The G20 Financial Stability Board (FSB) has announced that it will submit its own regulation proposal to establish “solid regulation and oversight” of crypto.
The G20 FSB puts forward a proposal for crypto regulation
The crypto market clearly needs to be regulated
The Financial Stability Board (FSB), an international body of the major industrialized countries that make up the so-called G20, which monitors financial systems and regulates markets in order to prevent financial crises, announced on Monday that it will submit its own proposal for cryptocurrency regulation in October.
The international body explained in a lengthy press release the reasons and rationale that will underlie this proposal:
“Crypto-assets and markets must be subject to effective regulation and oversight commensurate to the risks they pose, both at the domestic and international level. Even as jurisdictions consider potential changes to their frameworks, so-called stablecoins and other crypto-assets do not operate in a regulation-free space and must adhere to relevant existing requirements where regulations apply to address the risks these assets pose. Crypto-assets and markets may perform an equivalent economic function to one performed by instruments and intermediaries of the traditional financial sector. As such, they are subject to relevant regulations applicable to the underlying economic and financial nature of crypto-assets, in line with the principle of “same activity, same risk, same regulation”.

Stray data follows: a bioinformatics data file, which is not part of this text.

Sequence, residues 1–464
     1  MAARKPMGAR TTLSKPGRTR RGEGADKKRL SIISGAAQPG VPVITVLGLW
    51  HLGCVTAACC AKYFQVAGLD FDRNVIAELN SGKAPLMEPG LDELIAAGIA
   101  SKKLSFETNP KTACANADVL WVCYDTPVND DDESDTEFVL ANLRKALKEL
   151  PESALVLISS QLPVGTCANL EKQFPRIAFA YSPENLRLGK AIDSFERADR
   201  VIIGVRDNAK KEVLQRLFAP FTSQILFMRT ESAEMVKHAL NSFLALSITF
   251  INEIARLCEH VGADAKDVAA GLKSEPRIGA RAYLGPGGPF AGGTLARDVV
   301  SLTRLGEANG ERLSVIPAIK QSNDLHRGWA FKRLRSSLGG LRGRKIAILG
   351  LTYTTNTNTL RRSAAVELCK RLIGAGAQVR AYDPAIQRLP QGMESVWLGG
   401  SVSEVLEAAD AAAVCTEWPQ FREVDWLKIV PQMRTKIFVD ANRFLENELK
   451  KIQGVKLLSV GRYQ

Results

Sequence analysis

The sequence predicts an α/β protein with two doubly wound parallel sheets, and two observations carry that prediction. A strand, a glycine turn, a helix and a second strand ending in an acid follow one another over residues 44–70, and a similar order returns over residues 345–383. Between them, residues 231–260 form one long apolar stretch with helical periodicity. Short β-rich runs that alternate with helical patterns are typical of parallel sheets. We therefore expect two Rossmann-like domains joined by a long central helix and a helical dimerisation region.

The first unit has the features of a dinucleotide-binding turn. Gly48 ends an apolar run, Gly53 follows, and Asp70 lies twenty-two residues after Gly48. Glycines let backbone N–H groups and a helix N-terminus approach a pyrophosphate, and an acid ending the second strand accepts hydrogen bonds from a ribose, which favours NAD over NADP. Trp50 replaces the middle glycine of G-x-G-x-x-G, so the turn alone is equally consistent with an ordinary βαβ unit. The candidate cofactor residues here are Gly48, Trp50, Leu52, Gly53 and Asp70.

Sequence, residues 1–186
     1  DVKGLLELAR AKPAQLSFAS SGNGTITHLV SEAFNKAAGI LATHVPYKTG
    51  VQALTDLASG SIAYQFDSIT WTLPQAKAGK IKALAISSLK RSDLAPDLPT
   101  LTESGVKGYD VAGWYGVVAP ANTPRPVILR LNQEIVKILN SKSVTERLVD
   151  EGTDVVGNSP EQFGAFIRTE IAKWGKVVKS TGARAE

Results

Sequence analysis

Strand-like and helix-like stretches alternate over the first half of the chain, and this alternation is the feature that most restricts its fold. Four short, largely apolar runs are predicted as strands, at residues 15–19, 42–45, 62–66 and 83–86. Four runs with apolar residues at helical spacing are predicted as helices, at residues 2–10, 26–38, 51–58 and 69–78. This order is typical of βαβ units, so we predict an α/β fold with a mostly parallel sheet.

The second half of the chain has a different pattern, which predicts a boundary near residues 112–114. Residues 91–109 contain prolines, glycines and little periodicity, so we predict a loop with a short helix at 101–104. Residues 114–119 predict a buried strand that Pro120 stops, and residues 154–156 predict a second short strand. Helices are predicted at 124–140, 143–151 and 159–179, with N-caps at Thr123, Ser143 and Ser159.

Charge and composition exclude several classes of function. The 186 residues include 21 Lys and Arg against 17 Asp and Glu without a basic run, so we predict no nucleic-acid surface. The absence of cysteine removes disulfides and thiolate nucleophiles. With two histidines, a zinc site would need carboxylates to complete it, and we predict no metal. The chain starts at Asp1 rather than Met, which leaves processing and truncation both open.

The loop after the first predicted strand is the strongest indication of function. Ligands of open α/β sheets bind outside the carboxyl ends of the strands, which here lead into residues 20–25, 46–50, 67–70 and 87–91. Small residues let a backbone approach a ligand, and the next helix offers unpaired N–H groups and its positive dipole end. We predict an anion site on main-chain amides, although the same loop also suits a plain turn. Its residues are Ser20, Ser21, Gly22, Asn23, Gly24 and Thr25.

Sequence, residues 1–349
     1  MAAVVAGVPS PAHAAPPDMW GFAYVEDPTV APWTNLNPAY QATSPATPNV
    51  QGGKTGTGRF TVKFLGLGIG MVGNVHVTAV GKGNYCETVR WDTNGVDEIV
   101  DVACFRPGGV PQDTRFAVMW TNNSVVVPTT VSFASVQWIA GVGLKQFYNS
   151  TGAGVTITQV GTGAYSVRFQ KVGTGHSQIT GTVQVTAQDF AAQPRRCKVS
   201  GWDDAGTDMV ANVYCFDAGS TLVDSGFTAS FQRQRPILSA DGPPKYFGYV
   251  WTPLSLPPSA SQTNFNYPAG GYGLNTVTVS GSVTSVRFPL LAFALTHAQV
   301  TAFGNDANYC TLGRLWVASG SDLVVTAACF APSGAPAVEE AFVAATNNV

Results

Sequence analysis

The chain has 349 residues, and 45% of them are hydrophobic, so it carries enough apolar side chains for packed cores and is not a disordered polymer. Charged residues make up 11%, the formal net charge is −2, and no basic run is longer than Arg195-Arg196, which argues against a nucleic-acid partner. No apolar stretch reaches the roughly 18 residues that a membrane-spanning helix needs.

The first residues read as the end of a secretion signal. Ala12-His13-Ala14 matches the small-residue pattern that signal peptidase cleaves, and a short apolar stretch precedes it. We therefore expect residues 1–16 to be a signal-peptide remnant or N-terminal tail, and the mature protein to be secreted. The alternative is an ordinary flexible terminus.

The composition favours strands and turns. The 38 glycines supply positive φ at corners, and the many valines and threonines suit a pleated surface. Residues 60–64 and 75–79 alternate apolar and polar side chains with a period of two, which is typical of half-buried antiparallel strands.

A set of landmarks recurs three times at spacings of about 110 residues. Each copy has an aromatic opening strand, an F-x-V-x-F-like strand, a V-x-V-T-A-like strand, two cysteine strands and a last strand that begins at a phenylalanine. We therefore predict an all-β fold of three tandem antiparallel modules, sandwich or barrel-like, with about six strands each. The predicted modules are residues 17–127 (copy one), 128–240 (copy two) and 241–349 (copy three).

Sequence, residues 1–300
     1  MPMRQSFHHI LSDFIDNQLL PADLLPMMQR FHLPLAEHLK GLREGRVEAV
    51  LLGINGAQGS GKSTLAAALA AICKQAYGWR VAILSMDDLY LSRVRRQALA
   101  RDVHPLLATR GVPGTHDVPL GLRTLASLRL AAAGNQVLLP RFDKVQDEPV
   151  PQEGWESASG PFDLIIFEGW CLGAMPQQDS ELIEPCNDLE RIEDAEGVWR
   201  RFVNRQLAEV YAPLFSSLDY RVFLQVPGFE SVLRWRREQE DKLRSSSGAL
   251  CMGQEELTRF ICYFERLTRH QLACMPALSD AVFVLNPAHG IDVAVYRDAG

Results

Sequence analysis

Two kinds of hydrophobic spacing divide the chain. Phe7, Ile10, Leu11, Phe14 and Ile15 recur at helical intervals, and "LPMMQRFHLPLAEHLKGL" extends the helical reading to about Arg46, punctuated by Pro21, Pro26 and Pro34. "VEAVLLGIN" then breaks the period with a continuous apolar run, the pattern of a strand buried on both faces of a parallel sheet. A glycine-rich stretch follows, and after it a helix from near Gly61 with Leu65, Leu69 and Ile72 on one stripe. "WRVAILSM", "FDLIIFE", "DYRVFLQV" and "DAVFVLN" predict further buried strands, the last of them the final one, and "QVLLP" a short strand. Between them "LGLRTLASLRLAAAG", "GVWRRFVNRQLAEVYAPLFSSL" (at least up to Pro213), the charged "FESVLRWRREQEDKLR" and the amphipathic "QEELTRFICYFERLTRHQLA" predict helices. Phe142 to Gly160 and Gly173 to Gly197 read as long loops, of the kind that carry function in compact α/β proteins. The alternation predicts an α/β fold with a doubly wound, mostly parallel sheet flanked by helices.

This news follows the report that the FSB also published in February, which dealt with the analysis of developments and vulnerabilities related to three segments of the cryptocurrency markets: unbacked cryptocurrencies (such as Bitcoin), stablecoins, and decentralized finance (DeFi). The report pointed out precisely how the rapid growth of cryptocurrencies and especially stablecoins and DeFi could pose a serious threat to the financial stability of global markets.
The report stated that:
“Crypto-asset markets are fast evolving and could reach a point where they represent a threat to global financial stability due to their scale, structural vulnerabilities and increasing interconnectedness with the traditional financial system”.
The failures of the crypto market are pushing to define regulation
The failure of the Terra ecosystem and its stablecoin last May must have evidently prompted the G20 international watchdog body to intervene on the matter to prevent possible new similar events that could also have severe repercussions for traditional financial markets and investors.
Until now, the FSB had limited itself to controlling and monitoring the digital asset sector, but without ever intervening directly with a precise regulatory proposal, as it appears intent on doing now.
The fear of many experts is that the new rules may be too stringent and limit the development of digital assets, which were created precisely to be disintermediated and not controlled by any central organization. But as reported in the FSB’s press release, and as stated by Kene Ezeji-Okoye, CEO and founder of Millicent, the first stablecoin and CBDC project funded by the UK government’s Department of Research and Innovation, without a clear regulatory framework we will never see mass adoption of digital currencies:
“For digital currencies to go mainstream, stablecoins must be trusted by the public, and fully fungible with other types of public and private money. The only realistic way for that to happen is via a shared regulatory framework”.
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